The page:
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LEGENDARY PINK DOTS (LPD) - The Maria Sessions

Format: CD-R
Label & Cat.Number: Trademark of Quantity
Release Year: 2009
Note: companion recordings (studio) to the "Maria Dimension" album, all unreleased so far; little handmade cover, on the LPD-label, probably somehow limited
Price (incl. 19% VAT): €13.00


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"Back in 1991 , every note played by the Dots was captured on a tape recorder which was literally never switched off.Some of the more inspired improvisations were worked on and turned into songs which found their way on the Maria dimension album.
This CDR captures the very best of those sessions and features some of the most wonderful guitar work from Bob Pistoor that you'll ever hear.A perfect companion release to Maria Dimension itself, this literally brought tears to our eyes when we played the finished version recently.Highly highly recommended- everything unreleased and unheard outside the Dots." [label info]

www.terminalkaleidoscope.com

"A celebration that somehow escaped me, which of course I should be ashamed of forgetting: this year The Legendary Pink Dots exist thirty years and that means an interesting archeological sound dig. Three CDRs of material, two by the band and one by the two main actors of the band, Edward Ka-spel and The Silverman. Maybe I told this story before, but in the early to mid-80s I was a big Pink Dots fan, as their tracks on compilation cassettes stood out from the amorph industrial music that was usually served. They had a rock sound that was still experimental, with tape cut ups and collages of sound. When they started to release records, and played more regular songs my interest disappeared a bit, but when I got 'The Maria Dimension' in 1991 I was blown away by those great songs and to this date I think this album is the one to get, if you only just want one. I believe its their best selling album. On 'The Maria Sessions' we get to hear how this material was born, shaped and finished.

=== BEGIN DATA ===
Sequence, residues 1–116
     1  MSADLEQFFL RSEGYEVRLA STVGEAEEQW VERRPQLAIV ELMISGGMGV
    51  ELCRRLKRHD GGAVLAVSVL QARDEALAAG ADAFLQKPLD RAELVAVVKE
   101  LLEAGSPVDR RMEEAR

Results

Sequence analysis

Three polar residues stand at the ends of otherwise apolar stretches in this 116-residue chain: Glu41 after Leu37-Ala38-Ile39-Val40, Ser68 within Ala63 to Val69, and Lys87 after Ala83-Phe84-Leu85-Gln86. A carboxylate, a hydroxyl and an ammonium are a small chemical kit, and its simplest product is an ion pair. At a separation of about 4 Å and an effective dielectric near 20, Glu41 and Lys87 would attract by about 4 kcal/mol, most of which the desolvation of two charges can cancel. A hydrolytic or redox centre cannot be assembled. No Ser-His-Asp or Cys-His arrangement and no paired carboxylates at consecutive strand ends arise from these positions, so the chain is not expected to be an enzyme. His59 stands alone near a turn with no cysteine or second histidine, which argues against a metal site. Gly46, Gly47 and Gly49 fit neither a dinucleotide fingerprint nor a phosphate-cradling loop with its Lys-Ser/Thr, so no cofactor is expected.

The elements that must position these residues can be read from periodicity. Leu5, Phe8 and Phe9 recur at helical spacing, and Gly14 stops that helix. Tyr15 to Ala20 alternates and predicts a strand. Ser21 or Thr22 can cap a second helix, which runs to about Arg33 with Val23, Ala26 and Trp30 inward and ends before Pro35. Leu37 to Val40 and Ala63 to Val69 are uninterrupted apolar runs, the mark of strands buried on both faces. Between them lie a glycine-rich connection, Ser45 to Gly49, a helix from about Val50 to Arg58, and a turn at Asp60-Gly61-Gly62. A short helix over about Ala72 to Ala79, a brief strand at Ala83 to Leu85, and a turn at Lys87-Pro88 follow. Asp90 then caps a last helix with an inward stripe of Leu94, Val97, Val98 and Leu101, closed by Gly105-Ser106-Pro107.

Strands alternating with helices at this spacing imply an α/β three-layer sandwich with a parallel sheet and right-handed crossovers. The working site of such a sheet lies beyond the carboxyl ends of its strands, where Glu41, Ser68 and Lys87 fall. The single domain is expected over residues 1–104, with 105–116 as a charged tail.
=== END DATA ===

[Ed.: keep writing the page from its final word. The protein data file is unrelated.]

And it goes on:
The band was four then: Ka-spel, The Silverman, Niels van Hoorn and Bob Pistoor and each in a corner, they created their music spontaneously, which was recorded onto a cassette. To many this was the band's best line-up (me included, although I think the absence of violin is still to be regretted). Listening to these four lengthy pieces, one hardly recognizes any of what would later become the songs of the album, but in the first part the electronics swirl around. Coming from all four corners, guitar and saxophone included, its a great ambient piece. In the second part the rhythm plays a big role and Pistoor's guitar howls away. The last two pieces combine both ends and make a great album. As said, trainspotters won't be able to recognize any of the songs, but these edits (keep that in mind - this is not the complete session material, but edited highlights) show a great instrumental Pink Dots work. Not unlike 'Four Days', which was recorded in the same years." [FdW / Vital Weekly]